Ariane Aramburo joined KTUU in June 2014 as the Executive Producer and co-anchor of "The Morning Edition." You can catch her weekday mornings from 5:00 to 7:00 a.m., with Kari Bustamante and Meteorologist Howie Gordon.
Ariane grew up in Eagle River and is a graduate of Chugiak High School. She holds a Bachelor of Arts degree in Mass Communications with a concentration in Broadcast Journalism.
In the fall of 2015, she became a new mom. This joyful occasion was soon followed by darkness as Ariane struggled with symptoms of Postpartum Depression. She quickly learned that the support network for PPD in Alaska is very limited. As she struggled to understand what she was feeling, she also struggled to find help from healthcare providers. Ariane also learned that Alaska's rate of PPD far exceeds the national average. Ariane's very personal struggles and her subsequent research ignited a passion to help others. Upon returning to work after maternity leave, she launched an extensive effort to shine a light on Postpartum Depression, the risks, the healthcare options and the people this condition has affected, sometimes with tragic consequences. The result was a months-long personal and journalistic endeavor that culminated in a powerful four-part series and a one-hour special. Ariane's reporting touched off an overwhelming response from local moms, and even caught the attention of Alaska Senator Lisa Murkowski who cited her reporting on the Senate floor in Washington D.C. in support of Federal PPD legislation, which passed in 2016.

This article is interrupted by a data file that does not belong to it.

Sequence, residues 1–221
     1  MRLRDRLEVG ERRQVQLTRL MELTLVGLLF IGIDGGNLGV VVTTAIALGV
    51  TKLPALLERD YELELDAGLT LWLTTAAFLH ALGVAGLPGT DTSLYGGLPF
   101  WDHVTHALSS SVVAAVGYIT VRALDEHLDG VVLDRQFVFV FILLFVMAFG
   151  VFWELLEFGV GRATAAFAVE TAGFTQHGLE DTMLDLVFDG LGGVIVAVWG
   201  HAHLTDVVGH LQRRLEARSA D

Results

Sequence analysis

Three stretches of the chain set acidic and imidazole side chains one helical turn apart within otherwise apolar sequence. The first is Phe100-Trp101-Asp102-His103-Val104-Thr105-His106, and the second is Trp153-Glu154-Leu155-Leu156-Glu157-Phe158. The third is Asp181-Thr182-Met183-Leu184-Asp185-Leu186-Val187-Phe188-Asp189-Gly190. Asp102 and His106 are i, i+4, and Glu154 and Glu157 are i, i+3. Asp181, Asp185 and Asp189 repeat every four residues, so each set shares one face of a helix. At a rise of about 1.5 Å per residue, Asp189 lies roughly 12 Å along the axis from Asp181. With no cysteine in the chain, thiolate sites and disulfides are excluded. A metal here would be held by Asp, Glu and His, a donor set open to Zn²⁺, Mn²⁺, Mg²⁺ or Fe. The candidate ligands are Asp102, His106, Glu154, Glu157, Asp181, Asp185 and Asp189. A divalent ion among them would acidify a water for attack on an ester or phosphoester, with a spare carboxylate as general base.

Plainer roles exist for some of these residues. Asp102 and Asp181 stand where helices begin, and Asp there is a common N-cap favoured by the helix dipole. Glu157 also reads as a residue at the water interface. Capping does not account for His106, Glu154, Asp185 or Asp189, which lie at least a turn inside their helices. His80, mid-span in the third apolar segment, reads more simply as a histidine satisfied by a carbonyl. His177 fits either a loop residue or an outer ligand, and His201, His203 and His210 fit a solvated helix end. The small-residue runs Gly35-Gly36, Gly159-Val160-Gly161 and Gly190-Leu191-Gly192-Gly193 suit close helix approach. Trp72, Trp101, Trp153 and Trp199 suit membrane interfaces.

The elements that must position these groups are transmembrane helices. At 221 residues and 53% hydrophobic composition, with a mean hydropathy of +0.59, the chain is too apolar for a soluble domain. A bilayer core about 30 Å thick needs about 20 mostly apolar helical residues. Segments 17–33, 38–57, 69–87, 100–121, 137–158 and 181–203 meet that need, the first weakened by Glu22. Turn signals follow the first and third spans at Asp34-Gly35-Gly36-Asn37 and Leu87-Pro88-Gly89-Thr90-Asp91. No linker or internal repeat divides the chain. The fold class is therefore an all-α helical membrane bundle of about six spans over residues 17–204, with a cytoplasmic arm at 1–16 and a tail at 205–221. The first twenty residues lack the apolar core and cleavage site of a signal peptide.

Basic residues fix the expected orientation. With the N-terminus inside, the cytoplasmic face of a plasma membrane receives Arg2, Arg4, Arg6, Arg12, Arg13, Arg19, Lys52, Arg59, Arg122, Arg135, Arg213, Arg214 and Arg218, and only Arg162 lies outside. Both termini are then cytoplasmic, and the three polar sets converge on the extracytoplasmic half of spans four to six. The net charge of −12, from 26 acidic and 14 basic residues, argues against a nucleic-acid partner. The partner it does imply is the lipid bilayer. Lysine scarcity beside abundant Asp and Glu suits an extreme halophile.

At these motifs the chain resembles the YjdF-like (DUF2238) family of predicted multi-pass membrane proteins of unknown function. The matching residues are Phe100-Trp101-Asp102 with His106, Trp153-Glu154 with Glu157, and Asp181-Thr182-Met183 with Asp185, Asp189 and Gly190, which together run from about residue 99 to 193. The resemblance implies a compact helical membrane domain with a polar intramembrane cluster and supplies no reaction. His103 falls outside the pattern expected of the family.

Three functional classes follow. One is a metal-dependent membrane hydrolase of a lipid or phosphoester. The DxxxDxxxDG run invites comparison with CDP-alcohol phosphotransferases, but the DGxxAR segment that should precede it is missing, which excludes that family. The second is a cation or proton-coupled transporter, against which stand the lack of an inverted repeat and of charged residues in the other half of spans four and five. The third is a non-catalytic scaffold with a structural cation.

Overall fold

In October 2016, Ariane traveled to the Postpartum Progress Warrior Mom Conference in Atlanta to serve as a keynote speaker on the topic of Postpartum Depression. She was also named the 2016 Alaska Broadcaster of the Year by the Alaska Broadcasters Association. Ariane is a Top 40 Under 40 recipient and two-time Emmy nominated journalist. She enjoys working out, cooking, traveling and lives in Anchorage with her family.
NBC News Digital Editors
"I know that it could have been worse," the Canadian city's police chief said.
Analysis: The pre-planned strategy was timed to set the stage for the re-imposition of U.S. economic sanctions on Iran three weeks from now.
"The First Amendment simply does not protect false statements about the parents of one of the worst tragedies in our nation's history," said Bill Bloss, an attorney who represents the families.
"He was just trying to protect us," said the girlfriend of Markeis McGlockton, a 28-year-old father of three who was killed during a parking space dispute.